|Fatimid dynasty map|
The Fatimid dynasty (named after the prophet Muhammad’s daughter Fatima, from whom the Fatimids claimed descent) was a Shi’i dynasty founded by Abd Allah. Although he was an Isma’ili, Abd Allah did not claim descent from the Imam Isma’il but from the Prophet’s family. When his beliefs led to his persecution in Syria, where most were Sunni Muslims, Abd Allah fled to North Africa, where he established a stronghold in Tunisia.
He declared himself the Mahdi and was known as Abd Allah al-Mahdi; he established his capital in the city of Mahidiya along the Tunisian coast. His followers crushed local rulers and branches of Shi’ism that had gained support among the Berbers. The Fatimids were especially opposed to the Kharijites, whose egalitarian principles were the opposite of their rigid religious hierarchy.
After three failed attempts to take Egypt with its rich Nile Valley, the renowned Fatimid general Jawhar al-Rumi, a former Greek slave, conquered Egypt in 969. Under Abd Allah’s great grandson al-Mu’izz (r. 953–976), the Fatimids built Cairo on the outskirts of the old Arab capital of Fustat as their new religious and administrative city. Fatimid Cairo was a walled city of palaces, mosques, and army barracks.
The Fatimids extended their rule over Palestine and Syria but were unable to overthrow the caliphate in Baghdad. At the zenith of their power, the Fatimids controlled the territory from the Orontes in Syria across North Africa. The Assassins, an offshoot of Isma’ili Fatimids, established strongholds in Syria and Persia seeking to undermine and, if possible, destroy Sunni belief and rulers.
Although they were zealous missionaries for their particular brand of Islam elsewhere, in Egypt the Fatimids were relatively benign and most of the population remained committed to orthodox Sunni practices. The Copts were retained as administrators over most of the financial affairs of state, as they had been since the Umayyad dynasty. Caliph al-Hakim (r. 996–1021) was a notable exception to Fatimid tolerance in Egypt.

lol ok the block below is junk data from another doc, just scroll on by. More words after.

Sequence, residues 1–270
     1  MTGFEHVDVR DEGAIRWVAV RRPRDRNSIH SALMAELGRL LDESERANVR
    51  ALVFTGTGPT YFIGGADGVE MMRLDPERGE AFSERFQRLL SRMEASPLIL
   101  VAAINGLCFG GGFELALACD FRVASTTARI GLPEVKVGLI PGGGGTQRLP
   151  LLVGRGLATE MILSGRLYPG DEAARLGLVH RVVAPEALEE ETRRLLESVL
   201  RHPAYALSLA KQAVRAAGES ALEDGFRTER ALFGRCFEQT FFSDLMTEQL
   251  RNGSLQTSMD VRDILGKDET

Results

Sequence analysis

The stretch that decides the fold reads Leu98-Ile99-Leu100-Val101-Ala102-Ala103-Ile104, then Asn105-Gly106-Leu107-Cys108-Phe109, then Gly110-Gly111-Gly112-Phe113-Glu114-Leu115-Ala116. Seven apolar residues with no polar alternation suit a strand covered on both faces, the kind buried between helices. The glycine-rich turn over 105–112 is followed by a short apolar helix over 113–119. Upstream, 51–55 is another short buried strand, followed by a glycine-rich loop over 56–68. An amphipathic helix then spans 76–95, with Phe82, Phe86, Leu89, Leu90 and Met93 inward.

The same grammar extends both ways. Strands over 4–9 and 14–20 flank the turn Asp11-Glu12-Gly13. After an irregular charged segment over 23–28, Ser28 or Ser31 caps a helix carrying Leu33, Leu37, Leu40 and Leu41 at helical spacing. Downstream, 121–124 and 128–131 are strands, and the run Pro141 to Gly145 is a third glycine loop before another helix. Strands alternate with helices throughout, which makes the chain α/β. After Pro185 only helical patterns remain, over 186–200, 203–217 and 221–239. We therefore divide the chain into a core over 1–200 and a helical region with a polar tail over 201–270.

Under his rule, Christians and Jews were persecuted and many churches and synagogues destroyed. His followers became known as the Druze. After al-Hakim was assassinated in 1021 his followers alleged that he had been hidden by God, not killed, much like the 12th imam, and fled Egypt for the relative security of remote mountain areas in Lebanon.
|Dinar Cairo Egypt Fatimid Gold Coin Misr 364 AH 975 AD|
The Fatimid navy played a key role in the dynasty’s power and wealth as it controlled the central Mediterranean and the Red Sea routes. The Fatimids also increased trans-Saharan trade. The Fatimids traded luxury goods and agricultural products with the west and east as far as India. Fatimid rulers established al-Azhar University, which became famous throughout the Muslim world, as well as numerous public buildings and commercial centers.
Two branches of the Fatimids, the Almoravids and Almohads (Unitiarians) led by Ibn Tumert, established separate dynasties in Morocco. To strengthen their armed forces the Fatimids imported slave and free Turkish soldiers but the growing dependency on outside forces gradually weakened dynasty. Thus Saladin (Salah ad din, Yusuf) had little difficulty in overthrowing the Fatimids and returning the territories to Sunni Muslim rule in 1171.
|inside al-Azhar mosque|